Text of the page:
Glinting with sweat and suntan lotion under a summer sun, lifeguards once reigned as gods of the beach, perched high above the swimsuited masses. But as more and more millennials trade ocean views for white-collar cubicles, lifeguard chairs stand empty, white, and skeletal on the sand.
The result: 275 of 675 lifeguard positions remain vacant statewide as summer approaches, according to the Department of Conservation and Recreation.
“It’s a problem that’s been building for the last five to eight years,” said John Dwinell, director of the DCR’s Office of Aquatic Resources.
The department was 75 lifeguards short in summer 2012, a number that rose to 100 in 2013 and 125 in 2014, Dwinell said. This year, Houghton’s Pond in Milton still stays unguarded, while beaches in Revere and Nantasket and pools in Malden, Lawrence, and Lowell remain roughly half-staffed.
The lifeguard shortage limits how many people can enter pool and beach areas.
“Lifeguards can only watch so many people,” Dwinell said. “The numbers are staggering. There could be 24 lifeguards and three to five thousand people on the beach for that day.”
The shortage continues despite yearlong recruiting attempts. Flashing orange highway signs advertise lifeguard positions. DCR officials fill high school guidance departments with fliers and visit schools in October, promoting lifeguard classes offered throughout the winter. The department’s Lifeguard Diversity Program offers free training for underprivileged youths, providing CPR and lifeguard certification at no cost to trainees.
The wages aren’t bad, either, at $13.26 an hour. But these benefits may not be enough to sway the high school and college-aged crowd.
Elizabeth Walker, 21, an MIT student and former lifeguard, said better-paying jobs could easily be found elsewhere, with some university jobs paying $20 to $30 an hour. Several college students said they pursued internships relevant to their field and used their summers to network and begin lifelong careers.
Other former lifeguards said the job was too physically strenuous.
“I burned myself out,” said Luke Schlueter, 20, who worked for three years as a lifeguard in a St. Louis pool. “The temperature reached the mid-90s, with 75 percent humidity. Doing that five hours a day, every day, was miserable.”
While Dwinell concedes lifeguard jobs aren’t for everybody, he said they can be a great learning tool for students entering health care or public safety fields. Anna Gill, 21, a returning lifeguard candidate who worked past summers in Melrose, is simultaneously taking emergency medical technician classes in preparation for a career as a physician assistant.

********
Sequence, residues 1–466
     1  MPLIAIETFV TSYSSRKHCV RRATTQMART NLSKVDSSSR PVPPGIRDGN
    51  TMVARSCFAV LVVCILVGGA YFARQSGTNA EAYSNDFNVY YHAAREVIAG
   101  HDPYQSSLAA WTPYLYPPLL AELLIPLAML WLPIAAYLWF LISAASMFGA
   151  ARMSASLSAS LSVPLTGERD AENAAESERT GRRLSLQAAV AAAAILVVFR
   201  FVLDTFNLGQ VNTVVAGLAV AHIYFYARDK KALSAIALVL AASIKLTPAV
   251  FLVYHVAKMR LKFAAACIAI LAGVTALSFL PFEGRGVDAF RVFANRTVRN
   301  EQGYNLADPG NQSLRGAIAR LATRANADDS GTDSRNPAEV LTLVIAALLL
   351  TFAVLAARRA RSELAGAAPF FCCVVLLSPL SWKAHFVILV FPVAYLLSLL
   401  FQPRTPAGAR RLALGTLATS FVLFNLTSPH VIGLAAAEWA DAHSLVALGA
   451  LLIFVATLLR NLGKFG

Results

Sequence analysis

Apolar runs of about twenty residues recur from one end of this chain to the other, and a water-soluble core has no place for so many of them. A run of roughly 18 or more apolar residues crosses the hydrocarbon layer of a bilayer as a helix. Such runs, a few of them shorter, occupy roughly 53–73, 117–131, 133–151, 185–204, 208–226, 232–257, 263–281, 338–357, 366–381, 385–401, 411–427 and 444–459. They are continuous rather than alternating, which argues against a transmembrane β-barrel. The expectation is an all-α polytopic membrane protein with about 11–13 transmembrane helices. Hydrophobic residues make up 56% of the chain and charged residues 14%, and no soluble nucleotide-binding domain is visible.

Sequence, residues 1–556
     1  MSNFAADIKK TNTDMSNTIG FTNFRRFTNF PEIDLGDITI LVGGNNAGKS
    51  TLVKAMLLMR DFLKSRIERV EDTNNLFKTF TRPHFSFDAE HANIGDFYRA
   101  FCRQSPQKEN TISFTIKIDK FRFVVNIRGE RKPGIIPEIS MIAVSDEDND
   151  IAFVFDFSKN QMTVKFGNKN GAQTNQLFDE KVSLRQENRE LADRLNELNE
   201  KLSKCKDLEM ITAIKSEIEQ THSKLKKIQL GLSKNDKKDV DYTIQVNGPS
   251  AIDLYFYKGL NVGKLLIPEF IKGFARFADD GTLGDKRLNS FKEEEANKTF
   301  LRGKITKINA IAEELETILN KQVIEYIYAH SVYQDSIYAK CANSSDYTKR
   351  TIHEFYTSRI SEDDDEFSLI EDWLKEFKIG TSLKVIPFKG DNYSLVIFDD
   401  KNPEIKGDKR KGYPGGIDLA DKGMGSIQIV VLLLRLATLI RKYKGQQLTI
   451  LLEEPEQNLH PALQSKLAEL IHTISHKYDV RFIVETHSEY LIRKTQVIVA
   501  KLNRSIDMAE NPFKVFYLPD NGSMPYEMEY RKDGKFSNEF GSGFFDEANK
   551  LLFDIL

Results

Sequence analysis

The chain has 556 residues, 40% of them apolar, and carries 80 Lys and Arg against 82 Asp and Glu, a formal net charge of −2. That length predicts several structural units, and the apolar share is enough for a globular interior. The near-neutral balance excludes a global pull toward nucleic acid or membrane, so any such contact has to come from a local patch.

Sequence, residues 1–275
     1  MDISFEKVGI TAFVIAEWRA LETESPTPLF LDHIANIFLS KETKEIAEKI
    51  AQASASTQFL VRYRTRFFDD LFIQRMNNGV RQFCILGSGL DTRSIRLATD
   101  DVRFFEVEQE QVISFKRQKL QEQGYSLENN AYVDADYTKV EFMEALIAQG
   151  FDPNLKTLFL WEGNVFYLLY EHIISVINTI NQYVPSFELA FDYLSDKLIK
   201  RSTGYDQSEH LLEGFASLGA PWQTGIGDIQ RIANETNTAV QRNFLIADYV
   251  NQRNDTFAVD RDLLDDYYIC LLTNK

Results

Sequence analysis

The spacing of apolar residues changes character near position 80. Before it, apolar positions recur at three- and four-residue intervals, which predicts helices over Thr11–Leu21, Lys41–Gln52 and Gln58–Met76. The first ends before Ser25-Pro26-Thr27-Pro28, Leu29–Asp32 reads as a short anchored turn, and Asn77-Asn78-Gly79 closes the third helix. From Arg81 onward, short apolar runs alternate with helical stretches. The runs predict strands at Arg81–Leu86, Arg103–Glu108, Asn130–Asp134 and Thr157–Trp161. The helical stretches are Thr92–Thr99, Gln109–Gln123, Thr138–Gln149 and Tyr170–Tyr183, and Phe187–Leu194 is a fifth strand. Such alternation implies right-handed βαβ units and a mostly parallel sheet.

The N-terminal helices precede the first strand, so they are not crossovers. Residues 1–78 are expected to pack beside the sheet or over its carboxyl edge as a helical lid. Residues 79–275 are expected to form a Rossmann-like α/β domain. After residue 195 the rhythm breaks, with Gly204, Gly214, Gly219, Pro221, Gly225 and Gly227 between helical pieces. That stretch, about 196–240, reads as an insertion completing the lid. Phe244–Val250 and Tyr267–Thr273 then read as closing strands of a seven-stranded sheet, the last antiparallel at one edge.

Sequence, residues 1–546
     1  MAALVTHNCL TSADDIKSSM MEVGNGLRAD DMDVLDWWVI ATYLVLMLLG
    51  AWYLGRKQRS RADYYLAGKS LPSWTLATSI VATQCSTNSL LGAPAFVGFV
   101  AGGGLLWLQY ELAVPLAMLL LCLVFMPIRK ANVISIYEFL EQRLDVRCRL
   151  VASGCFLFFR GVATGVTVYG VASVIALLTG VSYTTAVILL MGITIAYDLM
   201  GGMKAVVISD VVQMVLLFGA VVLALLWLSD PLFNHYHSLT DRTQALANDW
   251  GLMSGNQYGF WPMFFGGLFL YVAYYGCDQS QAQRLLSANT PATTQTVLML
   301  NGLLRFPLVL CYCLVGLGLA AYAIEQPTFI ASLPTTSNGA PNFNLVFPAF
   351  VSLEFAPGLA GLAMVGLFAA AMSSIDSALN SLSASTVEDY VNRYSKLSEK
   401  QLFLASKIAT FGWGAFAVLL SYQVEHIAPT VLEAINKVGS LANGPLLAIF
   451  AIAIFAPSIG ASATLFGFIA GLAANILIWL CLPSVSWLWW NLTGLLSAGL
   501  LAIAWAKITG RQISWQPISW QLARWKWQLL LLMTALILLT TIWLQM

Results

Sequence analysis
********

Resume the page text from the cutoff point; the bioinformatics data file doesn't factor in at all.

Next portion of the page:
“I’m building up the skills to recognize emergencies,” she said.
Gill and 15 fellow lifeguard hopefuls lunged into a Lawrence YMCA pool this month, dragging red rescue tubes behind them. The heads of their peers bobbed above the pool’s clear surface. The candidates took turns playing roles, some pretending to be lifeguards, others submerged victims.
Bret Daly, 20, remembers the first time he saved a life. On a steamy August day in Hopkinton State Park, a boy followed his friends into water 9 feet deep.
“He didn’t know how to swim, and swam past where he could stand,” said Daly, who dove 15 yards out to the boy, guiding him back to shore.
Blake Ferry, 20, who plans to enter law enforcement, said he wanted to be a lifeguard after his sister saved a woman during her lifeguard days at Revere Beach.
“Helping people is awesome. It’s not like retail,” Ferry said.
But Ferry predicts next year will be his last year as a lifeguard.
“I’m not going to be a lifeguard for the rest of my life,” he said. “It’s good money until you can actually build your career.”
The lack of lifeguards comes amid existing safety concerns.
A 2014 American Red Cross survey found 10 Americans die every day from unintentional drowning — two of them are children younger than 14.
“Drownings are a real problem,” said Jeff Hall, American Red Cross of Massachusetts spokesman. “The percentages of people who can’t swim are really troubling.”
Four summers ago, 36-year-old Marie Joseph’s body lingered for two days in a Fall River pool. Since then, no one has drowned at DCR beaches and pools with lifeguards on duty, said North Region Aquatics Coordinator Christina Doctoroff. Most drownings happened when swimmers visited a beach off-season, diving into choppy waves without a trained guard’s supervision.
“On a hot day in April, there are no guards on duty and people think they can swim [in the beaches],” Doctoroff said.
On a weekend in June, 4-year-old Elijah Correa splashed waist-deep in sea foam at Revere Beach. While his grandmother, Lucy Jimenez, watched vigilantly, a row of lifeguard chairs — half unstaffed — towered behind her. Jimenez, who, like Elijah, does not know how to swim, said the lack of lifeguards made her feel “very unsafe.”
“If this place was crowded today, they cannot check on everything at the same time,” she said.
Other parents said they weren’t especially concerned about the lifeguard shortage.
“I’m not relying on lifeguards; I’m relying on myself to watch my kids,” said Anna Martsinkiv as she lounged on the sand.
Her friend, Iurii Kryvanych, said he regards lifeguards as “just a supplement.”
“The only person responsible for the child’s life is a parent,” he said. “But when we get to the busy season, it would be good if they had all hands on board.”
The DCR will accept lifeguard applications until Aug. 1. For more information, visit www.mass.gov.
Rosa Nguyen can be reached at firstname.lastname@example.org.